Petition for Review of an Order of the Board of Immigration Appeals. No. A77-857-926.
The opinion of the court was delivered by: Wood, Circuit Judge.
Before BAUER, WOOD, and WILLIAMS, Circuit Judges.
Otar Sharashidze is a native of Georgia (the country in the Caucasus, not the U.S. state) who was given asylum in the United States on October 25, 1999. Less than three years later, Sharashidze was charged with and convicted of indecent solicitation of a sex act from a minor-a crime punishable as a mis-demeanor under Illinois law, see 720 ILCS 5/11-14.1, but considered an aggravated felony for immigration purposes, see 8 U.S.C. § 1101(a)(43)(A). Because he had committed an aggravated felony, Sharashidze was subject to removal under 8 U.S.C. § 1227(a)(2)(A)(iii). On January 26, 2006, an Immigration Judge (IJ) found Sharashidze removable and terminated his grant of asylum, thereby rendering him ineligible to adjust his status to that of a permanent resident.
Sharashidze appealed the IJ's decision to the Board of Immigration Appeals (BIA). The BIA affirmed on May 25, 2006, and this court denied his petition for review on March 16, 2007, at the same time dismissing his due process claim for failure to exhaust. See generally Sharashidze v. Gonzales, 480 F.3d 566, 570 (7th Cir. 2007). Although Sharashidze wanted to assert that the IJ did not allow him to present evidence regarding the "counter-vailing equities" against removing him from the United States, he did not make that argument until too late.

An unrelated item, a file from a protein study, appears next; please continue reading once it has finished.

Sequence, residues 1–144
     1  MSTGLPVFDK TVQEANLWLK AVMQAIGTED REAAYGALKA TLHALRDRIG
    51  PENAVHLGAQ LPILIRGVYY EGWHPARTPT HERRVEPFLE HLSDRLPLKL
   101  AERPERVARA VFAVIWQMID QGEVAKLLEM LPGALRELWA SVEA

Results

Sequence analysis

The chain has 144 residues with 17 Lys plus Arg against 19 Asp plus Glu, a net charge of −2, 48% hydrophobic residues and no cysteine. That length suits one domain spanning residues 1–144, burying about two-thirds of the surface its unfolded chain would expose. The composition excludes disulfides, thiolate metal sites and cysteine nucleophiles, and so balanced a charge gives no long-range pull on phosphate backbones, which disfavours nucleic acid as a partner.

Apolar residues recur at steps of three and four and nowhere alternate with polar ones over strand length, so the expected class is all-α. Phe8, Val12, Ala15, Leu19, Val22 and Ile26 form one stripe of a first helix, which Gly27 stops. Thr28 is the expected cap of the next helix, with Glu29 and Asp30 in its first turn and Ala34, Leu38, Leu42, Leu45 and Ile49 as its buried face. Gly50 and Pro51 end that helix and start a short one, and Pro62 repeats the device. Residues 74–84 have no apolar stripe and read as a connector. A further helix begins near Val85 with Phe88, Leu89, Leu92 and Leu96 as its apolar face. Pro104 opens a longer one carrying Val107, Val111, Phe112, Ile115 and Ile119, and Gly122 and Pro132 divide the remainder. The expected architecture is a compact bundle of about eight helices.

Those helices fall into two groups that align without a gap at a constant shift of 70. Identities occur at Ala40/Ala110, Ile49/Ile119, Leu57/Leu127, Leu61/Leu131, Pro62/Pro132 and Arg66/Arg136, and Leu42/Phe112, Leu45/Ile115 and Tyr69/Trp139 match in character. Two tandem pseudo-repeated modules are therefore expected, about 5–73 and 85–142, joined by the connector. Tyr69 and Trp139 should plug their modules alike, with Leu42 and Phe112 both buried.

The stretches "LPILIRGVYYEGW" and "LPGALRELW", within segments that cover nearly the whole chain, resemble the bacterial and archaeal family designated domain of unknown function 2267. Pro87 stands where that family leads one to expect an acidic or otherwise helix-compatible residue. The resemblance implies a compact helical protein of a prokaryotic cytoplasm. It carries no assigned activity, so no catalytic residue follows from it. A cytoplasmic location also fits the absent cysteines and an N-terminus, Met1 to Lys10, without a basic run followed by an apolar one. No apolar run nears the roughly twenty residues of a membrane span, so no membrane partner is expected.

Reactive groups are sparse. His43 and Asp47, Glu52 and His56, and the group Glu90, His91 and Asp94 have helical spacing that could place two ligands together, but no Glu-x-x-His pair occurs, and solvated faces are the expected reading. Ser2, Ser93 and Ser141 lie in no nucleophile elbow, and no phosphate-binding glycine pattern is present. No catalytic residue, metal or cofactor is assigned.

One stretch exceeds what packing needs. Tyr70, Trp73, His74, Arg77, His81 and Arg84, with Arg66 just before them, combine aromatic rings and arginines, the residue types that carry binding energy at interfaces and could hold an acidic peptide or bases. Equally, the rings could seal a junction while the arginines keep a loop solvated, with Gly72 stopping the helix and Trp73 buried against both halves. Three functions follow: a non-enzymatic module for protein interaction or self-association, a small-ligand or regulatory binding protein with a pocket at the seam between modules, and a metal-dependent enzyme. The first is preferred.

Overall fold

On May 8, 2007, Sharashidze moved to reopen the proceedings on the ground of ineffectiveness of counsel; he also presented an argument for withholding removal under the Convention Against Torture (CAT). This petition was untimely, but Sharashidze argued that he was entitled under principles of equitable tolling to have the time while his earlier petition for review was pending in this court disregarded. The BIA denied this motion on June 12, 2007, concluding that Sharashidze was not diligent enough to deserve equitable tolling, that it would not reopen the proceedings on its own, and that there were no changed circumstances in Georgia to warrant a different disposition of his case. Sharashidze petitioned for review on July 11, 2007.